Group formation based on learning styles: can it improve students' teamwork?
Educational technology research and development
This work explores the impact of teacher-led heterogeneous group formation on students' teamwork, based on students' learning styles. Fifty senior university students participated in a project-based course with two key organizational features: first, a web system (PEGASUS) was developed to help students identify their learning styles and distribute them to heterogeneous groups. Second, group facilitation meetings were introduced as a technique to help students reflect on their weak/strong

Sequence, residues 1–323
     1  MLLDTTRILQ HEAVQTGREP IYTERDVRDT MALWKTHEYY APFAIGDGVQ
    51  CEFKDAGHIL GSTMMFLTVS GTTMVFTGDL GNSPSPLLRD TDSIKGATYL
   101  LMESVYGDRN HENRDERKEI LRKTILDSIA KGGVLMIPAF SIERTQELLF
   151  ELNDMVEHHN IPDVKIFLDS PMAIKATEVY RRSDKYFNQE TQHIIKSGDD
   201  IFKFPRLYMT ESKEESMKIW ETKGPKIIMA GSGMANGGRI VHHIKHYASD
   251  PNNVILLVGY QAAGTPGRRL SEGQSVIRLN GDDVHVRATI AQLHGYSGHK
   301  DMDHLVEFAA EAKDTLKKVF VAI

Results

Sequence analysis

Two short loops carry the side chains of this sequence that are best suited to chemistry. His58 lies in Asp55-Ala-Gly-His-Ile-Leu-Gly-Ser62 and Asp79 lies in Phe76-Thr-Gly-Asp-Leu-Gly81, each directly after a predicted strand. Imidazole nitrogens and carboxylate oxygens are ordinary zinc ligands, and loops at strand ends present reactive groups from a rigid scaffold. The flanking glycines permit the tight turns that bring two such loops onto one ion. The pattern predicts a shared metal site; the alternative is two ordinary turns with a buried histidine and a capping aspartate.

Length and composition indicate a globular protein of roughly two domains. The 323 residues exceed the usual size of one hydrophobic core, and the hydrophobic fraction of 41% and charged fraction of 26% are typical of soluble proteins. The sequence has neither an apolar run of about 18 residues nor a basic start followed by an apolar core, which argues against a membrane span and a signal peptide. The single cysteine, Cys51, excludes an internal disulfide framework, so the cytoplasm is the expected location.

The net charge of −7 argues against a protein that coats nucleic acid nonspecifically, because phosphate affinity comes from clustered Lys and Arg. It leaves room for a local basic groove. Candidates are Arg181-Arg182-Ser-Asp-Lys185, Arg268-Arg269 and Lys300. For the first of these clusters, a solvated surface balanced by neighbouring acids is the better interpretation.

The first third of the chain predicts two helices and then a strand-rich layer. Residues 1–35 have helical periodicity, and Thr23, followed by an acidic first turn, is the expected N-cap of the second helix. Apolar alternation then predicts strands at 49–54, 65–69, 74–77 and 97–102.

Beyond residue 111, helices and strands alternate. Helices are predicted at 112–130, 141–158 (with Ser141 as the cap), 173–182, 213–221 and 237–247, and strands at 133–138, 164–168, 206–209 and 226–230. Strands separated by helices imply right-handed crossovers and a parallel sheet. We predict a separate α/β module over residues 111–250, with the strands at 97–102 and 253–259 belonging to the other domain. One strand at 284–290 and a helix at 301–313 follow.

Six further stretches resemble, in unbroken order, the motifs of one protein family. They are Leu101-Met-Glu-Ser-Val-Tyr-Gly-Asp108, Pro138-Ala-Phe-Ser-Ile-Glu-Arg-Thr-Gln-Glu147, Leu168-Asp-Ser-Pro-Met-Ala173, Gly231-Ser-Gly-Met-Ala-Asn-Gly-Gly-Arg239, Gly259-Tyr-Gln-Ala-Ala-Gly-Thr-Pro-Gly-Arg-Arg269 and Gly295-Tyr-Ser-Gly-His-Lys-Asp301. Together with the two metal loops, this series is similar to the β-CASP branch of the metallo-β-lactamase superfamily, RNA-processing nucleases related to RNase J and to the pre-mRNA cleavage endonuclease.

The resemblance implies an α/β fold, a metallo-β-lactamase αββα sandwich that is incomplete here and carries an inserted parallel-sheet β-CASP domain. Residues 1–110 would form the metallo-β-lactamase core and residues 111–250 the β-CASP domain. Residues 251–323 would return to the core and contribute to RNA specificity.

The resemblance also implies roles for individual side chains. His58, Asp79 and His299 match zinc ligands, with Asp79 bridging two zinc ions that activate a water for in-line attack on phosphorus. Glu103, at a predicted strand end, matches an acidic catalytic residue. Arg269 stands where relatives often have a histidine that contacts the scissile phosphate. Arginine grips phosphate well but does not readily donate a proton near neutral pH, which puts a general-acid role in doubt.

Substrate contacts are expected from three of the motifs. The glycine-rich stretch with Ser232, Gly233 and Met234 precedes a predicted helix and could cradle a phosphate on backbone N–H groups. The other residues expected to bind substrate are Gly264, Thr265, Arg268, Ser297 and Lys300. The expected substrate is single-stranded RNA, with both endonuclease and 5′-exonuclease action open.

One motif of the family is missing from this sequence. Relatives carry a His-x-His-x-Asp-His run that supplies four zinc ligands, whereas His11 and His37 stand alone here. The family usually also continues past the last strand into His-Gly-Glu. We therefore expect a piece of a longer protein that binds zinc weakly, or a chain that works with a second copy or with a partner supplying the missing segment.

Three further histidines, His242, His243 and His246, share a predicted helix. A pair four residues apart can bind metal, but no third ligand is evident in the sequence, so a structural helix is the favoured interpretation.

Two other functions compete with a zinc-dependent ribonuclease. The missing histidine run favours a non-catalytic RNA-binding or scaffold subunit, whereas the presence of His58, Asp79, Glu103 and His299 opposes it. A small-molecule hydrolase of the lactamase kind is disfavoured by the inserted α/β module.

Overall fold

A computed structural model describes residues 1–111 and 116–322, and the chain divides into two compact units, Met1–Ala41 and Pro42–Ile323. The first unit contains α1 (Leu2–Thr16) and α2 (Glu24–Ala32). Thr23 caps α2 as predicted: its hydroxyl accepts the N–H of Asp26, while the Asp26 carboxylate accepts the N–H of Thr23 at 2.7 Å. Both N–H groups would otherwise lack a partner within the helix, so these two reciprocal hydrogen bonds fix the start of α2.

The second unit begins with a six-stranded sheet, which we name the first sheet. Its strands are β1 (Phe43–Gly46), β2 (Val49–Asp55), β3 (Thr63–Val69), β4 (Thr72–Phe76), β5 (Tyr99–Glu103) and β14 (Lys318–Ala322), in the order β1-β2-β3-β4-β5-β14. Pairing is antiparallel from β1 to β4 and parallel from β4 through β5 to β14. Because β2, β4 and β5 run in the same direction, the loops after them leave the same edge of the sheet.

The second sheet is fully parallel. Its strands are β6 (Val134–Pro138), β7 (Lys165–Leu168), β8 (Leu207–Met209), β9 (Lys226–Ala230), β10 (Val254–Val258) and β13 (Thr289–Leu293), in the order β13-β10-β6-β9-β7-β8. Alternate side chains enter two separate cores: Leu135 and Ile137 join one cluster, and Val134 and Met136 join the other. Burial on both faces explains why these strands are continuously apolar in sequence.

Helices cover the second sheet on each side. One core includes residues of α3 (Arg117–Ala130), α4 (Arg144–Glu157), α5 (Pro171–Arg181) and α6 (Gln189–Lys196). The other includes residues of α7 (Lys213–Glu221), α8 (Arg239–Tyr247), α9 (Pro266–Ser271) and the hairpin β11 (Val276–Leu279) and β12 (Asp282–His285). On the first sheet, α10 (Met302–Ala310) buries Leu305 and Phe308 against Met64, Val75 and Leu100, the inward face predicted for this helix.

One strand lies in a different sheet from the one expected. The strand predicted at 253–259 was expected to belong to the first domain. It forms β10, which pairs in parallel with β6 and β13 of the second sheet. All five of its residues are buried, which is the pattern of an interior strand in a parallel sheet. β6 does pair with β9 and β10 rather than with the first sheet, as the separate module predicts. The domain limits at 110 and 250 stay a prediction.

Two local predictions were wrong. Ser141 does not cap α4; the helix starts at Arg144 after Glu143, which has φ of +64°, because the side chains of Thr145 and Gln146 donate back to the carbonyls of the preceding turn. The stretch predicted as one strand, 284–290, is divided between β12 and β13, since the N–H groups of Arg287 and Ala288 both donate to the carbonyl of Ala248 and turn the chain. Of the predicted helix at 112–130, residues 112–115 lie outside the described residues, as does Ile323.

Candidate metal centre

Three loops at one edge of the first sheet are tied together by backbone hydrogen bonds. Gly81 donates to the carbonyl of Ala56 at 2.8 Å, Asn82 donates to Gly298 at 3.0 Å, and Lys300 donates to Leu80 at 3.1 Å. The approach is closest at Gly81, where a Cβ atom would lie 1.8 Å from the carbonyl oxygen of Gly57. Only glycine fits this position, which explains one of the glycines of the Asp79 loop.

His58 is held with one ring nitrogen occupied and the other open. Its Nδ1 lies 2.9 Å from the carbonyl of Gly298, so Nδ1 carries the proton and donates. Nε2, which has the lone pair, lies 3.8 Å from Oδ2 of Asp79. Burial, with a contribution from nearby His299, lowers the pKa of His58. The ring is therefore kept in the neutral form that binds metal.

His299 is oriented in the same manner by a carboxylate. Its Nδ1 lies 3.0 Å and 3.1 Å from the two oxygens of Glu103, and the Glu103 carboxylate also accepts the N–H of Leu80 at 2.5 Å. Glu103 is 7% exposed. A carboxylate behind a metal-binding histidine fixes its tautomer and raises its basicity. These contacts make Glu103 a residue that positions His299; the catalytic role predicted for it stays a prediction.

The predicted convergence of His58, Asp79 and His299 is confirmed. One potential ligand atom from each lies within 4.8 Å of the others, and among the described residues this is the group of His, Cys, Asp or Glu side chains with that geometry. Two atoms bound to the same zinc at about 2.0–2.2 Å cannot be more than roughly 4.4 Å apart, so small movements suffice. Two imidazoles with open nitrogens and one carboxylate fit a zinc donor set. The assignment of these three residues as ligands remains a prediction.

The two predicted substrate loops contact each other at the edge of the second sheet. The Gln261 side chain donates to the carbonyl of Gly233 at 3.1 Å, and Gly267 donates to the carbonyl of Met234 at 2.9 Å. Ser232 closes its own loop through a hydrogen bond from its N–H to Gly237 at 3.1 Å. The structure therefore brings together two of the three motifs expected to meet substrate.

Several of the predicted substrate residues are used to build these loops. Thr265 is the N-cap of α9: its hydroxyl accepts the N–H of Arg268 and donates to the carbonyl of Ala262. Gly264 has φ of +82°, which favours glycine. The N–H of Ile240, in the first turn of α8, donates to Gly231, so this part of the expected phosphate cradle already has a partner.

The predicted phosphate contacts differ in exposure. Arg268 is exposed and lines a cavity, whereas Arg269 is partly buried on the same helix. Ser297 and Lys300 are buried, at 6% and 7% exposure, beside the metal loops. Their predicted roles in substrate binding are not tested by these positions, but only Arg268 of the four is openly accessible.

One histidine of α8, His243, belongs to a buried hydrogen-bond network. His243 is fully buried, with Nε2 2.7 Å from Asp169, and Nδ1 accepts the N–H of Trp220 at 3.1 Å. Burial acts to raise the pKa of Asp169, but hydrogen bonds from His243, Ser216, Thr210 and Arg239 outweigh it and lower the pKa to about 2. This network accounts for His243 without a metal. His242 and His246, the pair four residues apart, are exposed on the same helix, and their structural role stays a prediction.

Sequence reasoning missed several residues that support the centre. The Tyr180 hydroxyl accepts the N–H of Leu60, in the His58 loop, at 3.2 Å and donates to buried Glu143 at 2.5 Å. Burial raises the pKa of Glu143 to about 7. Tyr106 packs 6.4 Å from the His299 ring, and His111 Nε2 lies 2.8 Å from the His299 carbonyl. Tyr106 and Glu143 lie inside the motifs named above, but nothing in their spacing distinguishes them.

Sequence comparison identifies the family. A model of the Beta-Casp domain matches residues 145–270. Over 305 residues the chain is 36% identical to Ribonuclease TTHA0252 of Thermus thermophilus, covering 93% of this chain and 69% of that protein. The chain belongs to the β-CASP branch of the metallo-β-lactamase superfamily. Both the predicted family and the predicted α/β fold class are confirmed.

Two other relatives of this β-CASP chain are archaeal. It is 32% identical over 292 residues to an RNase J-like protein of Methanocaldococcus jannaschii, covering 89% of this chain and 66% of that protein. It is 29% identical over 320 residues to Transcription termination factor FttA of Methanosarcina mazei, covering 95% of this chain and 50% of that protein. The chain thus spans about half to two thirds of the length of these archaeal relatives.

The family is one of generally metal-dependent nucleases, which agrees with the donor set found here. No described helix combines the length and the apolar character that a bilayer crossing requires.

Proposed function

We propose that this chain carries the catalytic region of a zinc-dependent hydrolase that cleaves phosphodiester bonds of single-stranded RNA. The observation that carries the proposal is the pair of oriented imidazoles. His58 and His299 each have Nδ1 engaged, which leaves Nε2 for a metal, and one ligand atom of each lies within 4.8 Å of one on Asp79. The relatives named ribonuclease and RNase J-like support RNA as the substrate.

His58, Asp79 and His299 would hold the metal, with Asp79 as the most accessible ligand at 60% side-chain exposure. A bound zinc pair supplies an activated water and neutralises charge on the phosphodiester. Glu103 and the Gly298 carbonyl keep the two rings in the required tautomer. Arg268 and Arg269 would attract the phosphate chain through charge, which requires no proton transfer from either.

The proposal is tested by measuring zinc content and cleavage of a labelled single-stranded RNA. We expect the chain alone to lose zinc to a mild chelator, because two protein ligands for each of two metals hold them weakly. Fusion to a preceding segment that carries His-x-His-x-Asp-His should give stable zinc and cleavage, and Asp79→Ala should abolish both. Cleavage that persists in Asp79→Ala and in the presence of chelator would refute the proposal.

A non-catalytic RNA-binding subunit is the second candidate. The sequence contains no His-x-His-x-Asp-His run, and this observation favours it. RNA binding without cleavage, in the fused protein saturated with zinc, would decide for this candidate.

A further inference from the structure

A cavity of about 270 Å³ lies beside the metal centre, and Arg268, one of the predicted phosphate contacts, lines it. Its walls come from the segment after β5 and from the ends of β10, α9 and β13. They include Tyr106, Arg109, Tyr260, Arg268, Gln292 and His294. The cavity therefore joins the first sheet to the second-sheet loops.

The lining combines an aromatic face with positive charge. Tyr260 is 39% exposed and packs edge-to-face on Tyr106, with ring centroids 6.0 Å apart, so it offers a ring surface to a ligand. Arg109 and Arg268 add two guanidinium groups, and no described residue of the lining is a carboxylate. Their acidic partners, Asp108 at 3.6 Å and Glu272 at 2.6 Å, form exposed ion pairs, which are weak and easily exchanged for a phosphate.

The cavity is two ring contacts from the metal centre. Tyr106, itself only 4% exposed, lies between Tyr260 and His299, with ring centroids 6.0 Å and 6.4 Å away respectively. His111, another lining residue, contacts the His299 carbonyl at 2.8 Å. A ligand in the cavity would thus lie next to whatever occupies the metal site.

... and employ appropriate roles in their group. The study research questions focused mainly on students' attitudes regarding the learning style-based group formation approach. By applying qualitative research method students' views were recorded about the impact of styles awareness and group heterogeneity on group collaboration and possible benefits and drawbacks related to the style-based grouping approach. Evaluation data revealed that students gradually overcame their initial reservations for the innovative group formation method and were highly benefited since styles heterogeneity within the group emphasized complementarities and pluralism in students' ways of thinking. Overall, this work provides evidence that the adoption of learning styles theories in practice can be facilitated by systems for automated group formation and supportive group facilitation meetings that help avoiding the trivial and discouraging approach of using learning styles to simply label students.